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Case Digest

Constitutional Law II
Taxation
Kapatiran ng mga Naglilingkod sa Pamahalaan ng Pilipinas, Inc vs. Tan
G.R No. L-81311 June 30, 1988
FACTS:
The petitioners seeks to nullify Executive Order No. 273 issued by the
President of the Philippines on July 25, 1987, to take effect on January 1, 1988, and which
amended certain sections of the National Internal Revenue Code and adopted the Valueadded tax (VAT), for being unconstitutional in that its enactment is not allegedly within the
powers of the President; that the Vat is oppressive, and violates the due process and equal
protection clauses and other provisions of the 1987 Constitution.
ISSUES:
1. Whether or not Executive Order No. 273 is unconstitutional on the ground
that the President had no authority to issue the said EO.
2. Whether or not Executive Order No.273 is oppressive, discriminatory, unjust and
regressive, in violation of the provisions of Art. VI, sec. 28(1) of the 1987 Constitution.
3. Whether or not EO 273 unduly discriminates against custom brokers.
HELD: 1. The EO 273 issued by the President is constitutional. Under the Proclamation No. 3,
which decreed a Provisional Constitution, sole legislative authority was vested upon the
President. Art. II, sec. 1 of the Provisional Constitution states that, Sec. 1 Until the
Legislature is elected and convened under a new Constitution, the President shall continue
to exercise legislative powers. On October 15, 1986, the Constitutional Commission of 1986
adopted a new Constitution for the Republic of the Philippines which was ratified in a
plebiscite conducted on February 2, 1987. Art. XVIII, sec.6 of said Constitution, provides that,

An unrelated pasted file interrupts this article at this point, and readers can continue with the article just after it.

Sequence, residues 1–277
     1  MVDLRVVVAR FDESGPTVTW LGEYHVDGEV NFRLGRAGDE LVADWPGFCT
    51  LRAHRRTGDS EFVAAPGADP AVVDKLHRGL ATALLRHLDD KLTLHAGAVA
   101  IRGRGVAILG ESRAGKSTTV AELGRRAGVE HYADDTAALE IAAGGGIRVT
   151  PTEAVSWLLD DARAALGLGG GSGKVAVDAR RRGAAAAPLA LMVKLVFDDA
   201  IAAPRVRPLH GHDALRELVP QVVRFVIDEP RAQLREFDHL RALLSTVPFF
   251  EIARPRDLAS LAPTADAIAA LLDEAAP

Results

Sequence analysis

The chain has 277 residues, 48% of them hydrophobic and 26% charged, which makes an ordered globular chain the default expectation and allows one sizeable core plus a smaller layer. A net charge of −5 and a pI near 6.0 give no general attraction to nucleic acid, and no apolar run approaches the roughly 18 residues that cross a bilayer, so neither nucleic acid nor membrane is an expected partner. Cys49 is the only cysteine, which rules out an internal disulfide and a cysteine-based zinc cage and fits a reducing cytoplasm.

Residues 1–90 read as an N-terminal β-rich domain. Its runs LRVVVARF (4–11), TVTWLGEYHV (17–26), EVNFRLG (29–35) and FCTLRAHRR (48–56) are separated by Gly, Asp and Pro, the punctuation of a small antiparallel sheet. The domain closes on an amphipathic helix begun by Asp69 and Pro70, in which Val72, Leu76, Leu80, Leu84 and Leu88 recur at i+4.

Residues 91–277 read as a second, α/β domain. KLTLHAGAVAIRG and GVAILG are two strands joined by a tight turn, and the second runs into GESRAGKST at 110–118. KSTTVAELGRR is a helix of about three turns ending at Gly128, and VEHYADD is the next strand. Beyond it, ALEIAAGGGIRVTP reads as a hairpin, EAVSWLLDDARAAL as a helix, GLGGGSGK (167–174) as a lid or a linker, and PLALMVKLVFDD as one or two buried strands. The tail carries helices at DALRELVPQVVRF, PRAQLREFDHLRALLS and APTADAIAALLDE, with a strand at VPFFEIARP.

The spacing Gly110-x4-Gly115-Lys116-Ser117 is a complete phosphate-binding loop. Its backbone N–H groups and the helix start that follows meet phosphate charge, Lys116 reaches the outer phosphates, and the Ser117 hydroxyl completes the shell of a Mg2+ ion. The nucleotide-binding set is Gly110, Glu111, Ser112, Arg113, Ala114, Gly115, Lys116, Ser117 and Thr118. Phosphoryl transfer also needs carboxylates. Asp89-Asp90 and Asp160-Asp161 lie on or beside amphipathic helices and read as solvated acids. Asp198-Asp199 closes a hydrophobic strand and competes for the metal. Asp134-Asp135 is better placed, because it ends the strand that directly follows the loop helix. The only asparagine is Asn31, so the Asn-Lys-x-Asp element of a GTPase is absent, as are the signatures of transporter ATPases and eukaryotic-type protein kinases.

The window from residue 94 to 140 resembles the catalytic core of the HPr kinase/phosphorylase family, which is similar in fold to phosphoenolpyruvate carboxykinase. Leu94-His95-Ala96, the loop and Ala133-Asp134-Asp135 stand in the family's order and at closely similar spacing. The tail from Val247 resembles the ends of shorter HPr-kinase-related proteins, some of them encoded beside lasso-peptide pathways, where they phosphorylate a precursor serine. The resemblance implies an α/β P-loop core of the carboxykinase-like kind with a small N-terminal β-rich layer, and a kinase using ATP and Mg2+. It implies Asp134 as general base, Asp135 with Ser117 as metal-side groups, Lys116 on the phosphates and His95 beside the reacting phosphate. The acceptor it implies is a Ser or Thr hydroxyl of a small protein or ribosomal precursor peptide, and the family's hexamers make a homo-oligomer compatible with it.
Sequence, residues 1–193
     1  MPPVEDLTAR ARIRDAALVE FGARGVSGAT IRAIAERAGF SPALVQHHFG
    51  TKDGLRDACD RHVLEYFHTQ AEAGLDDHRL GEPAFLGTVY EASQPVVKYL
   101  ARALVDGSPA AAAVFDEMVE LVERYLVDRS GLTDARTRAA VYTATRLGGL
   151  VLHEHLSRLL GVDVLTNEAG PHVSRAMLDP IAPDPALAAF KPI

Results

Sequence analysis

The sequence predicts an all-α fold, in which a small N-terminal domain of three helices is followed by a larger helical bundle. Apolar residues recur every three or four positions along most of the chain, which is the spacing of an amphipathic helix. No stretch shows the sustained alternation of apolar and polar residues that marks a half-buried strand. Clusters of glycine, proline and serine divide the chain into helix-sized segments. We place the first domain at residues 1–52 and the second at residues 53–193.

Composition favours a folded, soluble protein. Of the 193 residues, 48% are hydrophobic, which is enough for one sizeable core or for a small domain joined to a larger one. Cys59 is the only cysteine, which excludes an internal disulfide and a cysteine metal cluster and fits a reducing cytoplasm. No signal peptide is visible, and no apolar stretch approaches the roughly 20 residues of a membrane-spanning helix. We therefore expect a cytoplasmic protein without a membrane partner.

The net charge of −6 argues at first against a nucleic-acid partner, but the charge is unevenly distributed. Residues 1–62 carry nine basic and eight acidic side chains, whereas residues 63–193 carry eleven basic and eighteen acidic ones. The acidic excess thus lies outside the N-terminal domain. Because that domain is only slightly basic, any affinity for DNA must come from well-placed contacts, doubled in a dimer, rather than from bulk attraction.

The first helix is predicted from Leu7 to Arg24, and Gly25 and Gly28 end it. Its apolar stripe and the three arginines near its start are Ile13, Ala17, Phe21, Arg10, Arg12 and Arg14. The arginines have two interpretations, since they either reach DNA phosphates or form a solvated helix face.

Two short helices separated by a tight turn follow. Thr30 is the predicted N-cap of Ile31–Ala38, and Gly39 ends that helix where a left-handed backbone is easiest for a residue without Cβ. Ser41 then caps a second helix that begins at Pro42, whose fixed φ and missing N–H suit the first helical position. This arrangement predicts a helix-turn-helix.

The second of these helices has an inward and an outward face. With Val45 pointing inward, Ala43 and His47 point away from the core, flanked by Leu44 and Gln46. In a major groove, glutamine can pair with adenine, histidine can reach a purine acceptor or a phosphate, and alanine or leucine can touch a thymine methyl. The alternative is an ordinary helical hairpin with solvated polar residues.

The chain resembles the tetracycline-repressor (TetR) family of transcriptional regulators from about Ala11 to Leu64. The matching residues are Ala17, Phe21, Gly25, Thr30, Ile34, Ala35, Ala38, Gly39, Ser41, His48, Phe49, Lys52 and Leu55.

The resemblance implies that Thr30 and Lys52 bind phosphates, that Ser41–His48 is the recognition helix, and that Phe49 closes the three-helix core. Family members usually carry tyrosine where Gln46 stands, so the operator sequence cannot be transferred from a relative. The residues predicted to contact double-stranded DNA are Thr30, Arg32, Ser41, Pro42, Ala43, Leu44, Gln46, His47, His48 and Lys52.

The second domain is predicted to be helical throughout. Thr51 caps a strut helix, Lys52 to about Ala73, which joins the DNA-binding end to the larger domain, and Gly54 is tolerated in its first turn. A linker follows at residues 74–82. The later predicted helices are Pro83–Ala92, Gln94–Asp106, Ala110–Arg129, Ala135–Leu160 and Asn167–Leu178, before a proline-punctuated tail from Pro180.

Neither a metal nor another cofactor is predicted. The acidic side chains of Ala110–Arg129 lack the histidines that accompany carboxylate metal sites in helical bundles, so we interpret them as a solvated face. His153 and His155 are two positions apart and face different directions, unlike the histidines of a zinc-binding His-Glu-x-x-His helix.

Sec. 6 The incumbent President shall continue to exercise legislative powers until the first
Congress is convened. Under both the Provisional and 1987 Constitution, the President is
vested with legislative powers until a legislature under a new Constitution is convened. The
First Congress, created and elected under the 1987 Constitution, was convened on July 27,
1987. Hence, the enactment of EO 273 on July 25, 1987, two days before Congress
convened on July 27, 1987, was within the Presidents constitutional power and authority to
legislate.
2. EO 273 satisfies all the requirements of a valid tax. It is uniform.
Equality and uniformity in taxation means that all taxable articles or kinds of property
of the same class shall be taxed at the same rate. The sales tax adopted in EO 273 is
applied similarly on all goods and services sold to the public, which are not exempt, at
constant rate of 0% or 10%. The disputed tax is also equitable. It is imposed only on sales of
goods and services by persons engaged in business with an aggregate gross annual sales
exceeding Php 200, 000.00. Small corner sari-sari stores are consequently exempt from its
application. Likewise exempt from the tax are sales of farm and marine products, so that the
cost of basic food and other necessities, spared as they are from the incidence of the VAT,
are expected to be relatively lower and within the reach of the general public.
3. The phrase except customs brokers under Sec. 103 of EO 273 is not meant to
discriminate against customs brokers. It was inserted in Sec. 103(r) to complement the
provisions of Sec. 102 of the Code, which makes the services of customs brokers subject to
the payment of the VAT and to distinguish customs brokers from other professionals who are
subject to the payment of an occupation tax under the Local Tax Code. The distinction is
based upon material differences, in that the activities of customs brokers partake more of a

business, rather than a profession and were thus subjected to the percentage tax under Sec.
174 of the National Internal Revenue Code prior to its amendment by EO 273. EO 273
abolished the percentage tax and replaced it with the VAT.